Castle Acre: A Social History
  • Author:
  • Mrs Mary-Anne Garry
  • Available:
  • In local shops throughout Castle Acre,
    or buy now from

    "Castle Acre: A Social History"
    Published April 2009

  • Extracts:
  • During the final years of the Saxon period, Toki was the lord in Castle Acre. It was one among many manors he owned throughout East Anglia. By this date parish boundaries had been established with tithes payable to priests ... Toki may well have had his house on the site of the castle, surrounded by villagers who we know grew peas, beans, carrots, celery and fruit. Some goats were kept and there were horses but these were not yet used to pull ploughs...

    By 1582 there were 88 houses in the village, a little less than a third of today's number, of which 17 were empty. The castle had been uninhabited for many years, the slopes and ditches grazed by cattle and sheep.... the majority of the houses would have been single storied with steeply sloping thatched roofs. Examples of these can be seen by looking at the gable ends; Wellington House on Stocks Green shows how the roof line has altered over the years. At St James's Green, known then as Upgreen, Lady Bell owned a large house near the present Stone Barn, and opposite on the south side lived John Wingfield in the house now known as Lower House... High Wood was landlord of the pub then called the Crown where there was a shop. One shop may not seem like much but for 1582 it was rather go-ahead to have one at all, most shopping was done at market.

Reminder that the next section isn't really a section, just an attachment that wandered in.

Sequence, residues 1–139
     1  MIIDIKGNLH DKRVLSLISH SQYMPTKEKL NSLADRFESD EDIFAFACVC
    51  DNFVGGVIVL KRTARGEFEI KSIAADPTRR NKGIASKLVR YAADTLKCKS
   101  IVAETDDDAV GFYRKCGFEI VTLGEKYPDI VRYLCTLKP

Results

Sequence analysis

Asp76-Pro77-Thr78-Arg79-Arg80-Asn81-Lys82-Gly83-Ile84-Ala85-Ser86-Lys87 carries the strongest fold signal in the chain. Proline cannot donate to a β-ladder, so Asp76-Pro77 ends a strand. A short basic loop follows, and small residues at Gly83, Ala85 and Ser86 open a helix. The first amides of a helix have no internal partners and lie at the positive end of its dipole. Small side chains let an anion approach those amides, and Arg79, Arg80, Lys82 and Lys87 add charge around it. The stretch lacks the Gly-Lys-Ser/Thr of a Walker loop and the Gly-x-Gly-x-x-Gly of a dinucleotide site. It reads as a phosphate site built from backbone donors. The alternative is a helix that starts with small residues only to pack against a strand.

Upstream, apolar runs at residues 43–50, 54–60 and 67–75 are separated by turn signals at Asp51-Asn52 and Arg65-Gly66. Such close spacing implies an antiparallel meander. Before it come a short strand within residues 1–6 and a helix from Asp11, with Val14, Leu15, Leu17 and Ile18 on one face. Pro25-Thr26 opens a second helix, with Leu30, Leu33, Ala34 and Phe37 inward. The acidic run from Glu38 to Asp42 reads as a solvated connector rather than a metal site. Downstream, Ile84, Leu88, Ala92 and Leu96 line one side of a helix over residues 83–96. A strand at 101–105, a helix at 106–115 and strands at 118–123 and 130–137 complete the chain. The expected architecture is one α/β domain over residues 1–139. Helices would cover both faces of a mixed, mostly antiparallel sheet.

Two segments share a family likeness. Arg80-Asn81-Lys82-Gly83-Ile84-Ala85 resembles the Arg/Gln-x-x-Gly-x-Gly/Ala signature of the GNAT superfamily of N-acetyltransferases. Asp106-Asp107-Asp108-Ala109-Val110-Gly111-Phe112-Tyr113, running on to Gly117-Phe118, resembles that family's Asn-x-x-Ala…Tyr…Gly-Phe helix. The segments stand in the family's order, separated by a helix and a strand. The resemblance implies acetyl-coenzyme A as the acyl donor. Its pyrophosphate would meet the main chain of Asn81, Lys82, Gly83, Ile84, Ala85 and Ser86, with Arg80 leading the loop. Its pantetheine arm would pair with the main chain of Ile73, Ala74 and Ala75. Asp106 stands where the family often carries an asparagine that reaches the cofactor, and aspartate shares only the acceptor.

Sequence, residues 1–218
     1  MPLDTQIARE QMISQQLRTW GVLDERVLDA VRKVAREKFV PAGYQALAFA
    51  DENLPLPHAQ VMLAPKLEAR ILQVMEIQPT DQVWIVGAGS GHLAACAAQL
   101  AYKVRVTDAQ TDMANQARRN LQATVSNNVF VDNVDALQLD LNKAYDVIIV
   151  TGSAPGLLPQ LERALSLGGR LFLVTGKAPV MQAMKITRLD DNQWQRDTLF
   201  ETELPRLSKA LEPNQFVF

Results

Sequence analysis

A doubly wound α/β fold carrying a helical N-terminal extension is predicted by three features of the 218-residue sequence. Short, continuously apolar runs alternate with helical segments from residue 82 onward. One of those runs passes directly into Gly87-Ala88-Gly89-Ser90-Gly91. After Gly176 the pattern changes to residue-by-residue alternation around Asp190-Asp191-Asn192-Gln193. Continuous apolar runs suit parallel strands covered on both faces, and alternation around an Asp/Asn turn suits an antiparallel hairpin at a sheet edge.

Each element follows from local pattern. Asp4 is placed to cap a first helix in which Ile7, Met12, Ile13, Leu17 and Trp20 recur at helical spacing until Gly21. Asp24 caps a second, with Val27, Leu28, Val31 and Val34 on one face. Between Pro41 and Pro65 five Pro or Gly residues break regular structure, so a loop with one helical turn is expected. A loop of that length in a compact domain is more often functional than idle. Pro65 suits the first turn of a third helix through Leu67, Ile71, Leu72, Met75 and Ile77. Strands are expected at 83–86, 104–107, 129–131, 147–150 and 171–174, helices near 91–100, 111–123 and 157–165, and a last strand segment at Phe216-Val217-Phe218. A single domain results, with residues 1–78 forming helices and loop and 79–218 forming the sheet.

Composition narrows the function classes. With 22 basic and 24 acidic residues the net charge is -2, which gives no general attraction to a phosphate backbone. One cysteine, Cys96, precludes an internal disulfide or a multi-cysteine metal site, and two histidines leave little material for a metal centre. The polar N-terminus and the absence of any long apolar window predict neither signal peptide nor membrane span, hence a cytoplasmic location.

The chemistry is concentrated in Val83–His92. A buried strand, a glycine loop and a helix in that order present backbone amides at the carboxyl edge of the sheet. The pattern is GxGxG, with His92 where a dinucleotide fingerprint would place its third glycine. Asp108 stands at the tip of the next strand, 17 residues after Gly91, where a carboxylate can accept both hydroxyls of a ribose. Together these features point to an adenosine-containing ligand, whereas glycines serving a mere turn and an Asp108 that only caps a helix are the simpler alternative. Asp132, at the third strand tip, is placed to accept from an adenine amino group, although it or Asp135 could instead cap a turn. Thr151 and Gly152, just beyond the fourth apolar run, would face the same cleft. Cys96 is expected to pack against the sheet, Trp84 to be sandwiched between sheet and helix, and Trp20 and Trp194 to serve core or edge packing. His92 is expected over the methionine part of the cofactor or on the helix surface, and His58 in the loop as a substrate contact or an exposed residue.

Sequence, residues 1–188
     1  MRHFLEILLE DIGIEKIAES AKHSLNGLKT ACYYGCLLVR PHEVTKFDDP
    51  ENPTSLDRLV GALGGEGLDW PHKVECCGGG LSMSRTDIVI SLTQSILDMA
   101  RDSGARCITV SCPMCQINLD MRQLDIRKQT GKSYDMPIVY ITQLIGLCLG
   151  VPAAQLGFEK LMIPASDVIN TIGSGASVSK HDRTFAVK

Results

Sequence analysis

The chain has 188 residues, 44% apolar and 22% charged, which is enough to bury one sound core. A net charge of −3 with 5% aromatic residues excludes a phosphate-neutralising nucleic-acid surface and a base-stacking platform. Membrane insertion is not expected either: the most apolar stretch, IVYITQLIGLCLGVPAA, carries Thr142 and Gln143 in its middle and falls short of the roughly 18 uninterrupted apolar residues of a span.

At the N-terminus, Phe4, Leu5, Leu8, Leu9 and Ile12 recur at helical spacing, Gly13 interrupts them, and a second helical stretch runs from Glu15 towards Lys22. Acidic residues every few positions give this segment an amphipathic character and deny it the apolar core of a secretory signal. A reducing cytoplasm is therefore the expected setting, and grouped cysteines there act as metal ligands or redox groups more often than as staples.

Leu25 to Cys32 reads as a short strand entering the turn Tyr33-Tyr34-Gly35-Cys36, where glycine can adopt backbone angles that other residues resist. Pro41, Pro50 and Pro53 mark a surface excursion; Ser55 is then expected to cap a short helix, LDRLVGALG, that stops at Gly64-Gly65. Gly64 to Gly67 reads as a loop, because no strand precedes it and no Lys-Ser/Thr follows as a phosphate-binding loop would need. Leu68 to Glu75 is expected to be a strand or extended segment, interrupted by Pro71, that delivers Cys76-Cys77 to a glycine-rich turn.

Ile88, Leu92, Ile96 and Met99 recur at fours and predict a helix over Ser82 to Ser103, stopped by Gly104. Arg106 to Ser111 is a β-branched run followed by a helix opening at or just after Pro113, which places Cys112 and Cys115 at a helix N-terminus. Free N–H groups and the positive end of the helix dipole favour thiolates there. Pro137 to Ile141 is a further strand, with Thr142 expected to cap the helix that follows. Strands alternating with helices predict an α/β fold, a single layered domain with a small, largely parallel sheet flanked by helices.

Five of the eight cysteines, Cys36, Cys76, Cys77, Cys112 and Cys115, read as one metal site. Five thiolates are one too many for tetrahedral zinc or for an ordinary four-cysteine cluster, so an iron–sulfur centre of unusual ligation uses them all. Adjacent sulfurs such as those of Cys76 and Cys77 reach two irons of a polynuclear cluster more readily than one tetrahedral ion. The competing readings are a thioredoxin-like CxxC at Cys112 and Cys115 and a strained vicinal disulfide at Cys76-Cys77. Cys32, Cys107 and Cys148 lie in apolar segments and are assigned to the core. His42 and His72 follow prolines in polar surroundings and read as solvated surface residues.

In 1709 Pimlowe became the new vicar. He had been encouraged to apply for the parish by his close friend William Stukeley. Chiefly remembered today for 'discovering' Stonehenge and the Druids, Stukeley introduced the concept of pre-history... He and Pimlowe had been school fellows together in their native town of Holbeach in Lincolshire... During his first years in Castle Acre Pimlowe recorded 'A true account of what money was given to be distributed amont the poor in Cakes and Ale upon the 7th of July 1713 being the Thanksgiving for the Peace... the Vicar read the prayers and Preached and Joy sat in evry Countenance and all the way from the Green to the Church Gate were all one Green Bower.'

    By the mid nineteenth-century the population had grown to 1,567, an increase of 74% in under forty years, a far faster rate than most other parishes and the village was bursting at the seams. The census of 1851 shows that forty-seven of the 334 households were headed by male incomers who had married Castle Acre wives and of the village businesses more than half were run by people born elsewhere. As a result of the notorious gang system family life was hard to sustain, and the village descended into a microcosom of all the ills that come from poverty and overcrowding...